The difference a priest makes

Brian and I teach RCIA, and love it. Our parish is a historic downtown church — the oldest basilica in the country, actually — and most parishioners travel some distance to attend.

In an attempt to get to know the candidates and catechumens better, we’ve been getting together with each of them over lunch or coffee. This provides a chance to not only build relationships, but also to speak in more depth about matters of faith. 

Inevitably the conversation turns to what brought them to our parish and to the RCIA program. And each and every time, they tell us the same thing: The deciding factor was our priest… meeting Fr. Jeff, hearing him preach, speaking with him by phone. I suppose this shouldn’t be a surprise since some of his former parishioners moved themselves to our church once he was appointed. In fact, we joined after he arrived, too.

Fr. Jeff is what I would call “dynamically orthodox.” He loves his priesthood, and it shows. He’s friendly and informal, but reverent when he prays. He’s knowledgeable and articulate about the faith, but understands the importance of connecting with people and making them feel welcome. He doesn’t sugar coat things, but leads with kindness and compassion. In other words, Fr. Jeff is the kind of guy you can have a beer with one minute, and pray Vespers with the next. And we do.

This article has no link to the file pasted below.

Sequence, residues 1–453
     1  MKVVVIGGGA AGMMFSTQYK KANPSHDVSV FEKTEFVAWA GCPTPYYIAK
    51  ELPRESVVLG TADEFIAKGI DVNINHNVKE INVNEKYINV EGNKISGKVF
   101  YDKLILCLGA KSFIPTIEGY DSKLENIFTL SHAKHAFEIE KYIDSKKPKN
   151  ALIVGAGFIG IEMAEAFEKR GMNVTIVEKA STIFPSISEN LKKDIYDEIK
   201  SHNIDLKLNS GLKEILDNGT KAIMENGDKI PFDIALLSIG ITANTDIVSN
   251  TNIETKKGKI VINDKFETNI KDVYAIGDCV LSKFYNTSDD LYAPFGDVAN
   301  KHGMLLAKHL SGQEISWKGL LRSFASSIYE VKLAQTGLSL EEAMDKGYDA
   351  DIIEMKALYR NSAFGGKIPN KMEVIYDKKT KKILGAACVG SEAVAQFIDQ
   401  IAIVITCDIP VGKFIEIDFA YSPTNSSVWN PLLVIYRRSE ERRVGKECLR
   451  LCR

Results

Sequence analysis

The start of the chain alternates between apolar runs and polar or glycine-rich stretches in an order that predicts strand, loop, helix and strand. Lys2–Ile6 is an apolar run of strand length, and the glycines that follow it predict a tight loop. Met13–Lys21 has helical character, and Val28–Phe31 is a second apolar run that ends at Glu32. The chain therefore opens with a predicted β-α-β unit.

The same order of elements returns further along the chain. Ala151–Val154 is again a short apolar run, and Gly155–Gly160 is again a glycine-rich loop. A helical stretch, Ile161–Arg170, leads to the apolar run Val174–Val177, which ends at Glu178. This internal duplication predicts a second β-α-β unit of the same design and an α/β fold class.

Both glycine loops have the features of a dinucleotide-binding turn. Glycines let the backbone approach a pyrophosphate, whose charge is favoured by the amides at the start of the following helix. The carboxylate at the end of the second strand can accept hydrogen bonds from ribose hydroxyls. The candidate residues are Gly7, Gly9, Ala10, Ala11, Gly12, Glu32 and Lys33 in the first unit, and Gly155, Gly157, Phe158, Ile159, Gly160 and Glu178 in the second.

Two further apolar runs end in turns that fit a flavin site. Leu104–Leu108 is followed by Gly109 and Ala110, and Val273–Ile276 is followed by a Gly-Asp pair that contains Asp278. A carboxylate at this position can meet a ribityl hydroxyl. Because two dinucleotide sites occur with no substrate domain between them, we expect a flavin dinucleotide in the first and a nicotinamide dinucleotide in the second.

In his example, I’m reminded just what a difference a pastor makes to those who are strangers to the Church. Priests set the tone. They’re the official representatives of a faith most people know little about. Where there are good shepherds, the sheep do come. 



Zoe Romanowsky is writer, consultant, and coach. Her articles have appeared in "Catholic Digest," "Faith & Family," "National Catholic Register," "Our Sunday Visitor," "Urbanite," "Baltimore Eats," and Zo

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